Reverse-mortgage choices abound for seniors

If you, a parent, relative or friend is a senior-citizenhomeowner who needs or wants cash to enjoy retirement, the new book “TheReverse Mortgage Advantage” by financial columnist Warren Boroson providesan excellent overview of the choices available. Written in aneasy-to-understand style, with lots of important facts and real-life examples,this guidebook explains virtually all the key reverse-mortgage considerationsfor senior homeowners and their heirs.

Just in case you are not familiar with a reverse mortgage,it is available to senior-citizen homeowners who are at least age 62. It is theopposite of a regular, or “forward,” mortgage. The reverse-mortgagelender pays money to the borrower, and no repayment is required until (a) thehome is sold, (b) the borrower doesn’t occupy the residence at least six monthsa year, or (c) dies.

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Then the total payments made to the homeowner, plus accruedinterest, must be repaid, usually from the sale of the property. These are”nonrecourse loans,” meaning the homeowner or the heirs are neverpersonally liable for the principal and interest owed even if the homeownerlives to 120 and the total debt exceeds the home’s market value.

The author is a professional business writer. Thiswell-researched book highlights virtually every reverse mortgage concern andexplains the pros and cons. It places primary emphasis on protecting the seniorhomeowner, especially from so-called “advisers” who recommendspending reverse mortgage proceeds on questionable high-sales-commissionproducts such as annuities and life insurance.

Heavy emphasis is placed on the requirement of all threenationwide reverse mortgage lenders — FHA (HECM), Fannie Mae and FinancialFreedom Plan — for the borrower to obtain counseling from a qualifiedconsultant before obtaining a reverse mortgage. Although Boroson recommendsreverse mortgages for senior homeowners who plan to stay in their homes atleast three to five years, he doesn’t hesitate to point out the pitfalls toavoid and when a reverse mortgage is not appropriate.

The book begins by explaining the basics, such as reverse-mortgagechoices of lifetime income, term income, lump sums and credit lines (the mostpopular choice) or any combination. Right from the start, Boroson mentions thesupposed high costs, typically 2 percent to 3 percent of the maximum reversemortgage, the incorrect myths such as “the bank owns the house,” andeven scary stories of early reverse mortgages, which proved costly toborrowers.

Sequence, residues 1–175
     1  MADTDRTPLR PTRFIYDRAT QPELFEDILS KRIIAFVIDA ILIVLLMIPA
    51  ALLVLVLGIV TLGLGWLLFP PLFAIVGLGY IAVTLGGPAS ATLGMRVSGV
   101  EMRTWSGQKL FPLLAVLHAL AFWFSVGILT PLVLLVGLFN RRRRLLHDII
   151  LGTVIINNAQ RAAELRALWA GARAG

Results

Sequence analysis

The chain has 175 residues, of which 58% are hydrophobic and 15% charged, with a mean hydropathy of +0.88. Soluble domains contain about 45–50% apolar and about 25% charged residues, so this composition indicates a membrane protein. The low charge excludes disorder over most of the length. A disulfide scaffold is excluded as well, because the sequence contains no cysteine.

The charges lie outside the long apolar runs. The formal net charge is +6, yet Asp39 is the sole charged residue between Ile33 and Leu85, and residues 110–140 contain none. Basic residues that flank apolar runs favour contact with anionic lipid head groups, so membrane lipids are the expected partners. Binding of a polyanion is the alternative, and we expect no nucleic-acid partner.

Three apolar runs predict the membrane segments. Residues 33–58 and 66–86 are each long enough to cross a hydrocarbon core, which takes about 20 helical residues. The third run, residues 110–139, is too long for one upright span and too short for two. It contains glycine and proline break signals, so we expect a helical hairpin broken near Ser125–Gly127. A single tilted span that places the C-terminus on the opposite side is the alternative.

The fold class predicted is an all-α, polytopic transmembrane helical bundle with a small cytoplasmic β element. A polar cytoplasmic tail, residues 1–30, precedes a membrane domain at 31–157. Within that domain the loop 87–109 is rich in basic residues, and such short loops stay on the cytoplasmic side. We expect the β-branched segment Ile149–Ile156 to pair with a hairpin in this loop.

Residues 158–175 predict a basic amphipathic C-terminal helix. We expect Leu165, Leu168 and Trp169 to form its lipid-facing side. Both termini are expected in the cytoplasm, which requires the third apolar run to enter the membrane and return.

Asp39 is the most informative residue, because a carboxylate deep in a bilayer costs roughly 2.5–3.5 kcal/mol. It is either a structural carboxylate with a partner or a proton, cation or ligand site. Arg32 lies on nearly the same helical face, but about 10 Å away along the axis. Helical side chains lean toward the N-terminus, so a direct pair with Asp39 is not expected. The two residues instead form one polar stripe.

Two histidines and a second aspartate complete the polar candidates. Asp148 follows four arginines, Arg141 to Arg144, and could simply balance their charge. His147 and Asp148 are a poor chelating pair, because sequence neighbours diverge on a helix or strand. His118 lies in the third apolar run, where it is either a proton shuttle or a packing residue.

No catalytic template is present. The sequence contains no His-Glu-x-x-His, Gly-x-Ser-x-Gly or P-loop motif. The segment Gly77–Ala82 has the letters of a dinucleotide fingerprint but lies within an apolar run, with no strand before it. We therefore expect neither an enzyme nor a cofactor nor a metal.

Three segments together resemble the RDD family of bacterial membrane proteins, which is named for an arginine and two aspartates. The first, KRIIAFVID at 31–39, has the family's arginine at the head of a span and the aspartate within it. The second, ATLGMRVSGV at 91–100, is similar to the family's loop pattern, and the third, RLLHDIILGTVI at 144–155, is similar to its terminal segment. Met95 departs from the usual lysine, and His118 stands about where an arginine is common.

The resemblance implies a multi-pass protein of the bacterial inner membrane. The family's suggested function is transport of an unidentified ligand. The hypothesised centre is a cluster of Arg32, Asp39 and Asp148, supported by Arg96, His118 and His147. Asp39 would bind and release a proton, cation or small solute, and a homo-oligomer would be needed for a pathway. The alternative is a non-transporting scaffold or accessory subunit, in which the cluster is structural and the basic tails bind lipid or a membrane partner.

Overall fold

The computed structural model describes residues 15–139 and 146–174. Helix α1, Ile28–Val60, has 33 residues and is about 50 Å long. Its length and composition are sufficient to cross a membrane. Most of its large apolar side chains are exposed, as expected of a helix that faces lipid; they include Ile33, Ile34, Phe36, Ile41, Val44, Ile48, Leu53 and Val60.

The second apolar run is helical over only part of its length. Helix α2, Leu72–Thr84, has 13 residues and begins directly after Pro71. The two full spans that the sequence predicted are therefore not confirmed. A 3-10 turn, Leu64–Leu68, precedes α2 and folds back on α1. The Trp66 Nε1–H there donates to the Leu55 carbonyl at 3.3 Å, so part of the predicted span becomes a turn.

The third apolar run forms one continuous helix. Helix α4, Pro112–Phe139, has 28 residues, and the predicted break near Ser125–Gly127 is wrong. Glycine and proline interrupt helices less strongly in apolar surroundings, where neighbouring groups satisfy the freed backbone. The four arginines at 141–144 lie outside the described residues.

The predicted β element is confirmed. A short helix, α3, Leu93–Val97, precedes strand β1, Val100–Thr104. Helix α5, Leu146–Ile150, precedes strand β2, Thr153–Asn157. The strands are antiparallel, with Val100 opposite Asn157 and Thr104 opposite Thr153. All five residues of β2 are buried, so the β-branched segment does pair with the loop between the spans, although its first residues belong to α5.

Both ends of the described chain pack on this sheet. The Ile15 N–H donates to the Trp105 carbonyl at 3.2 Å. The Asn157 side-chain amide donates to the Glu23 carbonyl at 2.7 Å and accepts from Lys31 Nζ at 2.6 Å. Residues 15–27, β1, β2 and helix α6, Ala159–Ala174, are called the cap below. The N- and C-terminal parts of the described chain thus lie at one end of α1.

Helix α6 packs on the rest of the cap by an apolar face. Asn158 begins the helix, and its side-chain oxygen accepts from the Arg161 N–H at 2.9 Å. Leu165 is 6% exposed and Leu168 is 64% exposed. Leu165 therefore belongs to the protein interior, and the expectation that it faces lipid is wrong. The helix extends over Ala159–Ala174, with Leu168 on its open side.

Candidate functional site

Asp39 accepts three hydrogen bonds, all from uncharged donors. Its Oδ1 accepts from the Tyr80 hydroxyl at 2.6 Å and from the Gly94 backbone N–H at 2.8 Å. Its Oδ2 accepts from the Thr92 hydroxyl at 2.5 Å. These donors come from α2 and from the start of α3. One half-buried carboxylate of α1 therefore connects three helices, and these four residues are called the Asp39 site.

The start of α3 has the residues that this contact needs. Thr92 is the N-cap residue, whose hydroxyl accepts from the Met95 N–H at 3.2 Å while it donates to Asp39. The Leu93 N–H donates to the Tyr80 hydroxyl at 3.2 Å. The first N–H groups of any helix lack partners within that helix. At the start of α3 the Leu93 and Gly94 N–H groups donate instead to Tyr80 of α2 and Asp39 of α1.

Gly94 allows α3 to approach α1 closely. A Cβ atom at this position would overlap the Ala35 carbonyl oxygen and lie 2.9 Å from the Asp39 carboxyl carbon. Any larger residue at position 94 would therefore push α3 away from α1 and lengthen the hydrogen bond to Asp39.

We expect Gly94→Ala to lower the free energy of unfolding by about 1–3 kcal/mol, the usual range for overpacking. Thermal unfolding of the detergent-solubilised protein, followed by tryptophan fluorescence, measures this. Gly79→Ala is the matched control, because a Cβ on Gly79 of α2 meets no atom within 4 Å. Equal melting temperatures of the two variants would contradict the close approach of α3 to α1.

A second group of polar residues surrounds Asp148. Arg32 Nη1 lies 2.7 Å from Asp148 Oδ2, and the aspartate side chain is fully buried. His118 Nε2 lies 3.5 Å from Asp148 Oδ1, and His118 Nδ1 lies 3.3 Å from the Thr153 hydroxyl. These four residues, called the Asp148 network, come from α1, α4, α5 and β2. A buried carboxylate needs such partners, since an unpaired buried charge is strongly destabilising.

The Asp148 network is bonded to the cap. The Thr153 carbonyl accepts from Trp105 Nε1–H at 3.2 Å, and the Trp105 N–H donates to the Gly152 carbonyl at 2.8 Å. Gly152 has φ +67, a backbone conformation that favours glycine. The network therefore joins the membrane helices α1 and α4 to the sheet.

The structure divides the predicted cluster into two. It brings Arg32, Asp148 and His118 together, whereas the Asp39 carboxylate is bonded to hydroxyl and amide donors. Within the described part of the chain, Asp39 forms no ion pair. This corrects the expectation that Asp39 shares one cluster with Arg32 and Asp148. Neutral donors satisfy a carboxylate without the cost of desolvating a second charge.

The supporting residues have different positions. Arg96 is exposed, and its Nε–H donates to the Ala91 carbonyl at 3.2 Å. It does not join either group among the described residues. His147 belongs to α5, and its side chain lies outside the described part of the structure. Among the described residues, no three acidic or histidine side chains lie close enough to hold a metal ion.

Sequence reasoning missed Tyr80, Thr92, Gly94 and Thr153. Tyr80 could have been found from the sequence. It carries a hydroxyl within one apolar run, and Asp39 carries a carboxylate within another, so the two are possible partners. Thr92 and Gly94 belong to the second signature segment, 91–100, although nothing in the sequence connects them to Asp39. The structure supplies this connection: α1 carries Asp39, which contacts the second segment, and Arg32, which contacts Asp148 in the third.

Because about 80 percent of reverse mortgages are guaranteedby FHA, heavy emphasis is placed on explaining their characteristics, includingthe major drawback of low limits for homeowners living in expensive homes. Ifyour home is worth more than $500,000, the author advises, consideration shouldbe given to the Financial Freedom Plan reverse mortgages, which have no maximumlimit. One example explains why the owner of an $18 million home obtained sucha reverse mortgage.

An annoying aspect of the book is some of the facts statedare incorrect. For example, one statement says the service fee for a FHAreverse mortgage is $35 per year. The statement should have instead said permonth. Another section suggests shopping for owner’s title insurance. In fact,it’s the lender who requires the title insurance. Just don’t put too much faithin some of the fact statements, which aren’t always correct.

Chapter topics include “Reverse Mortgages for TotalBeginners”; “Real People Talk About Their Reverse Mortgages”;”Those Scary Stories You May Have Heard”; “How Much Do YouReally Know?” “Consider the Interesting Alternatives”; “AreYou the Perfect Customer?: Where to Get Good, Unbiased Advice”;”Looking for the Right Lender”; “Getting a Reverse Mortgage,Step by Step”; “Bringing Down Those High Closing Costs”;”What to Do With All That Money”; “What Not to Do With All ThatMoney”; and “Advice for the Children of Senior Homeowners.”

Whether you know a lot or a little about senior-citizenreverse mortgages, you will benefit from reading this new book because it takesa practical approach to explaining a very important topic for seniorhomeowners. Boroson isn’t trying to “sell” reverse mortgages. Neitherdoes he disparage them, as he offers very balanced explanations. On my scale ofone to 10, this superb new book rates a solid 10.

“The Reverse Mortgage Advantage,” by WarrenBoroson (McGraw-Hill, New York), 2006, $21.95, 169 pages; Available in stock orby special order at local bookstores, public libraries, and

(For more information on Bob Bruss publications, visit his
Real Estate Center

Copyright 2006 Inman News

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